The UK government has announced morally outrageous plans to close half of all Job Centres in Glasgow.
Last year, the Department of Work and Pensions (DWP) announced a 20 per cent cut to its premises. But the disproportionate cut to Job Centres in Glasgow raises a concern that the city is being used as a guinea pig for more devastating cuts.
When SNP Depute Leader Angus Robertson MP raised the issue at Prime Minister’s Questions, the Tory Minister said that he would respond in writing. We don’t think that’s good enough.
Here’s what you need to know about these callous proposals.
1. The closures are being made in some of the poorest communities in Glasgow.
The Jobcentres earmarked for closure are: Norman House, Parkhead;Muslin Street, Bridgeton; Easterhouse; Castlemilk Arcade; Battelfield Road, Langside; Herschell Street, Anniesland; Main Street, Cambuslang; and Maryhill Road, Maryhill.
Glasgow has the highest share of communities in the 15 per cent most deprived areas of Scotland, and has the highest rate of child poverty of any local authority. The closing of half of all of the Jobcentre Plus offices in the city will only make accessing the vital support these centres offer more difficult.
2. With 74,000 people across Glasgow in receipt of Jobseeker’s Allowance, Employment and Support Allowance and Universal Credit, the impact could be huge for the most disadvantaged.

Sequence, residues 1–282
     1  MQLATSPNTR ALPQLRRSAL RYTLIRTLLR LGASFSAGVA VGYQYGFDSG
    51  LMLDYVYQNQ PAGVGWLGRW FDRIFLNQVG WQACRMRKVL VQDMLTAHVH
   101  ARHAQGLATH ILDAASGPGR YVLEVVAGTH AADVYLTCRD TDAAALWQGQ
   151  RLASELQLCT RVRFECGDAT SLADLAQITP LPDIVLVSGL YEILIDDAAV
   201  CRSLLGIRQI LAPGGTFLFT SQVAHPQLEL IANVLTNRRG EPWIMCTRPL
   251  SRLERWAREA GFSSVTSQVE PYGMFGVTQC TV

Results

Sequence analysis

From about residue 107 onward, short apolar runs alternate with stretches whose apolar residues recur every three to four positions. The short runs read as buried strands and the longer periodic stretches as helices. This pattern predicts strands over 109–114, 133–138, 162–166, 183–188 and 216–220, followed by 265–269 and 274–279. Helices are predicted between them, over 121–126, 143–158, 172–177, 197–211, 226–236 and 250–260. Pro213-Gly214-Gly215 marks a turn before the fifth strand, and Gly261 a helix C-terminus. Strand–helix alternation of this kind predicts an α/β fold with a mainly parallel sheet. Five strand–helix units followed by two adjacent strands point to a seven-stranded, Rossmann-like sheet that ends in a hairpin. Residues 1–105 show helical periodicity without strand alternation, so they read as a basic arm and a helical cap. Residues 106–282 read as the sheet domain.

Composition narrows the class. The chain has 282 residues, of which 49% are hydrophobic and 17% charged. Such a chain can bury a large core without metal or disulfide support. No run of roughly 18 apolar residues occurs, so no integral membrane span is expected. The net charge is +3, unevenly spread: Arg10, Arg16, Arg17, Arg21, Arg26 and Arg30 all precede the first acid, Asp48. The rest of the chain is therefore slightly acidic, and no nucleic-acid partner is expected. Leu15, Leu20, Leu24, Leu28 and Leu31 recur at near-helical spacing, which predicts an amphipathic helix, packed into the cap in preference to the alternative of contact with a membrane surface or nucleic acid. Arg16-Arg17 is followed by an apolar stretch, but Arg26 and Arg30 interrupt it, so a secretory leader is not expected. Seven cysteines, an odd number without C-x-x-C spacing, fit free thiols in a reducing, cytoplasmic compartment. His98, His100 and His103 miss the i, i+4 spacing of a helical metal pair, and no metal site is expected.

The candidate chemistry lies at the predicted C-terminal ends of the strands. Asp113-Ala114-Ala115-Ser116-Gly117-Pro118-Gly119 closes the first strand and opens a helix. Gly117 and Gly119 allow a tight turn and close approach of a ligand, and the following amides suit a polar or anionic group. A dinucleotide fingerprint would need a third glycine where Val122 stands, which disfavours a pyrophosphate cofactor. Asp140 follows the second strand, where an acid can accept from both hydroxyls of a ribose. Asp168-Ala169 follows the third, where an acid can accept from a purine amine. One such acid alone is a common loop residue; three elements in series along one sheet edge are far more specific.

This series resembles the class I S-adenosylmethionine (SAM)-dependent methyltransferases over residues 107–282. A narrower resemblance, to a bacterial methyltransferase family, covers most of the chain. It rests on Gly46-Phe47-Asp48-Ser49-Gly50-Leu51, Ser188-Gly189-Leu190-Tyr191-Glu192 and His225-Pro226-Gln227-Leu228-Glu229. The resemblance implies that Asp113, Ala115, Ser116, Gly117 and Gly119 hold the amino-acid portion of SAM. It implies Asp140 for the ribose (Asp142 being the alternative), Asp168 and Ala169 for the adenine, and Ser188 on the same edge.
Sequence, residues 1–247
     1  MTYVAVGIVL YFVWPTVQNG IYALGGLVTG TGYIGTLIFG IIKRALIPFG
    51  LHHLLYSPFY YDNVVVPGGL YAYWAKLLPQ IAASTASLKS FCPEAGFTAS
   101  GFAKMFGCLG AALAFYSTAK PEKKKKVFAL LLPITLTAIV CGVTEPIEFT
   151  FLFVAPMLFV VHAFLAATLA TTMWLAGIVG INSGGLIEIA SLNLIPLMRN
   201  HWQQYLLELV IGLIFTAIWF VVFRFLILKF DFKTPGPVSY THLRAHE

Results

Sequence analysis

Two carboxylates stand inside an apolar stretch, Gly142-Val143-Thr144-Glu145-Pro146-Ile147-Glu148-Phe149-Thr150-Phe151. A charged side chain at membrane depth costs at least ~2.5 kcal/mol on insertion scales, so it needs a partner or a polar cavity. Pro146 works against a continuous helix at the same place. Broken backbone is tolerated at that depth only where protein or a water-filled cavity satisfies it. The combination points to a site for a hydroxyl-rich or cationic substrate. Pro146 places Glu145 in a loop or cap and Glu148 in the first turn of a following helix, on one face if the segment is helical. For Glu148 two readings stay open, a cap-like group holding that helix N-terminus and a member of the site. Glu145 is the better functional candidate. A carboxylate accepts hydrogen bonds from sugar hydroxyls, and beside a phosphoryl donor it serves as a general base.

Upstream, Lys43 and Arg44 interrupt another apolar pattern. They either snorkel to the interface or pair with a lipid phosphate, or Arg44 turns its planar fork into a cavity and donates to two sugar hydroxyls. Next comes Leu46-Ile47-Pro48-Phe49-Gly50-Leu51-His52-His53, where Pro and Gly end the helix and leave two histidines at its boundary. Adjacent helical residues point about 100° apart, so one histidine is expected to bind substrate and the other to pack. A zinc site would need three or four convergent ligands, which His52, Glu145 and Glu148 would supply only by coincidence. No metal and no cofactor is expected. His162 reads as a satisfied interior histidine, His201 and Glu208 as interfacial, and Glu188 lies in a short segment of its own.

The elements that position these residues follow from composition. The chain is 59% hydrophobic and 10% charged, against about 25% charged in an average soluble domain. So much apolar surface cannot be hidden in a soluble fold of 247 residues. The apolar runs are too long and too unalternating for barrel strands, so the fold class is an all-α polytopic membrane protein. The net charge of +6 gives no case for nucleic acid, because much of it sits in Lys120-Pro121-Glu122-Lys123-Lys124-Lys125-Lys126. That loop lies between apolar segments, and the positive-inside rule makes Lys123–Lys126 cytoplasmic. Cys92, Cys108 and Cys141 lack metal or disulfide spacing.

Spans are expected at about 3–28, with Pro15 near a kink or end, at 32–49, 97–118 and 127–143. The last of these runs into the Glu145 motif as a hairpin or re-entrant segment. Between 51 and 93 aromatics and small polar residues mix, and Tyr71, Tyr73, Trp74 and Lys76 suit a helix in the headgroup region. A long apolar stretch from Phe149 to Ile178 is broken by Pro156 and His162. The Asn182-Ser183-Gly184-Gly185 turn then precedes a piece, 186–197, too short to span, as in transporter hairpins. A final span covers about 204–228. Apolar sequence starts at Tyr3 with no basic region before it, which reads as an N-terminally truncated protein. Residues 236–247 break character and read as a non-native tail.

These changes will affect the same low income families who are already struggling at the hands of Tory austerity.
Many of those affected will have to travel further, at additional cost, to attend required appointments. For some, including those who are ill or disabled, the additional long distance travel could be extremely challenging.
3. Important questions on the impact of the closures on DWP staff remain unanswered.
The UK Government have yet to make clear how many staff will be affected and whether no compulsory redundancies will be guaranteed. And it’s still unclear what the impact will be on retained Job Centres or whether any additional resources will be allocated to support these offices.
4. It is absolutely unacceptable that the UK government has failed to consult with the Scottish Government on these closures, despite the clear impact this will have on the Scottish people.
While the Smith Commission called for increased joint-management from the Scottish Government over Job Centre Plus, the Employability Minister Jamie Hepburn has confirmed that they received no prior notification of the closures. Both Jamie Hepburn and Angela Constance, the Social Security Secretary, will meet with the UK government in January and will discuss the closures.
The SNP will yet again do the job of the UK government and assess how these proposals will affect people in Scotland and what the impact will be on newly devolved social security powers.
Any UK government consultation on these closures must cover all centres, not just the two the UK government intends to consult on, so that all views of people in Glasgow can be heard.